Inside SA’s COVID-19 R500bn stimulus package

The sum, which equals 10% of the country’s GDP, would be split among several programmes aimed at helping businesses, poor people, and municipalities, among others.

Picture: pixabay.com

JOHANNESBURG - President Cyril Ramaphosa on Tuesday evening announced a bold R500 billion stimulus package to keep the South African economy afloat as the country wages a war against the spread of the coronavirus (COVID-19) pandemic.

The sum, which equals 10% of the country’s gross domestic product, would be split among several programmes aimed at helping businesses, poor people, and municipalities, among others.

Ramaphosa made the announcement following a Cabinet meeting which sought remedies to the devastation experienced by South Africans from various walks of life as a result of the national lockdown.

WATCH: Ramaphosa announces R500bn economic stimulus package

Before the crisis hit, South Africa’s economy was already on its knees with a 29.1% unemployment rate, a budget deficit, and shrinking economic growth.

Ramaphosa said government would raise R500 billion to salvage the economy from the cusp of disaster in line with the National Disaster Management Act.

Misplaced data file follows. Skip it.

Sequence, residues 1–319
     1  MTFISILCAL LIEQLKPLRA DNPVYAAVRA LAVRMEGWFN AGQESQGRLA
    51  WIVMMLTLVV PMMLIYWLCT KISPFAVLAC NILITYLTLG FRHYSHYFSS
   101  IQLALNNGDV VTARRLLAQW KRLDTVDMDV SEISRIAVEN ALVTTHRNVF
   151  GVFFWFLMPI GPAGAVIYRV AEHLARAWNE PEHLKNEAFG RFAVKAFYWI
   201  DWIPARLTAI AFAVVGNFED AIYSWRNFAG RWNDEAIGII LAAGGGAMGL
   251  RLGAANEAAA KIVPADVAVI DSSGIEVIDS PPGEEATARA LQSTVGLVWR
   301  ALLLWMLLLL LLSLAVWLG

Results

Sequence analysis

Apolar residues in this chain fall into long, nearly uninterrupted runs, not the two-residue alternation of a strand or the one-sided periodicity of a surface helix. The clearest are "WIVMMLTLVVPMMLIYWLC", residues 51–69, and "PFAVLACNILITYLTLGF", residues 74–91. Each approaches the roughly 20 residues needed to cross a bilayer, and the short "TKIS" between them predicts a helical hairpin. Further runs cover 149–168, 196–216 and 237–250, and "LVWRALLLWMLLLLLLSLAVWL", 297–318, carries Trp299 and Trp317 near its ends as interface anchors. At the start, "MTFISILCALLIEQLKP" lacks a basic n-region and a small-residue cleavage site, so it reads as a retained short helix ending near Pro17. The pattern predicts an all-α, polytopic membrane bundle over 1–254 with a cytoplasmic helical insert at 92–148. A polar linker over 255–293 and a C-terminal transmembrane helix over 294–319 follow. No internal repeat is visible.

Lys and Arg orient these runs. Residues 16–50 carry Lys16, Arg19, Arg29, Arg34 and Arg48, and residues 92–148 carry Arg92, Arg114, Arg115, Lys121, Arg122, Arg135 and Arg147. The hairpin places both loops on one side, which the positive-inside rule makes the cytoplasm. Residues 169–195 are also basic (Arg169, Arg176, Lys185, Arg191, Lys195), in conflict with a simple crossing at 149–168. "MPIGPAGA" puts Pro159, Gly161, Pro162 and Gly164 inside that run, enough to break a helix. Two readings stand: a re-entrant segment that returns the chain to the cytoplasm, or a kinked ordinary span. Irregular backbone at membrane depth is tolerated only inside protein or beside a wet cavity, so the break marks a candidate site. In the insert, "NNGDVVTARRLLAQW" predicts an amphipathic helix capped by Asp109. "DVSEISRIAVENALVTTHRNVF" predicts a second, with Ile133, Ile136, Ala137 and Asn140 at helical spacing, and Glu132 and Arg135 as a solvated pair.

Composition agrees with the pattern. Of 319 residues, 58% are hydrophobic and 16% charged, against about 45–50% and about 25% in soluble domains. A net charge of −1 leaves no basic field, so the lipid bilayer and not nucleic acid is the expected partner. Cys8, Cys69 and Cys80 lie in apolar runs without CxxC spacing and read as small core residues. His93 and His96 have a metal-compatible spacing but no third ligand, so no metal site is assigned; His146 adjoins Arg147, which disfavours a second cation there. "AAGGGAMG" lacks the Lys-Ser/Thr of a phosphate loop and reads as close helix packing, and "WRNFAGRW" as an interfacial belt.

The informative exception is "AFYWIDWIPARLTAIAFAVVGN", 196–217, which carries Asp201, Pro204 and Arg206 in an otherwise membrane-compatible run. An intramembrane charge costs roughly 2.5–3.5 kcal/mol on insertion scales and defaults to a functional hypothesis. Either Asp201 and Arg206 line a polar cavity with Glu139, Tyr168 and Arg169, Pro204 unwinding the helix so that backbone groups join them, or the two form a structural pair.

The question – as frequently asked of a deficit budget economy – where would the money come from?

“The rest of the funds will be raised from both local sources, such as the Unemployment Insurance Fund, and from global partners and international finance institutions,” Ramaphosa said.

“To date, the World Bank, International Monetary Fund, BRICS New Development Bank and the African Development Bank have been approached and are working with the National Treasury on various funding transactions," he said.

“Some of these institutions have created financing packages that are aimed at assisting countries that are having to address the coronavirus crisis like us. This funding will be used, in the first instance, to fund the health response to coronavirus,” the president added.

Ramaphosa said the social relief and economic package was part of the second phase of a series of actions.

Recently, other countries including Canada and the United States announced stimulus packages for - among others - cash grants, loans, and investments.

South Africa’s approach appeared to be following in these footsteps after pressure from civil society and the public at large for government to announce a clear response plan to the catastrophe caused by the COVID-19 pandemic.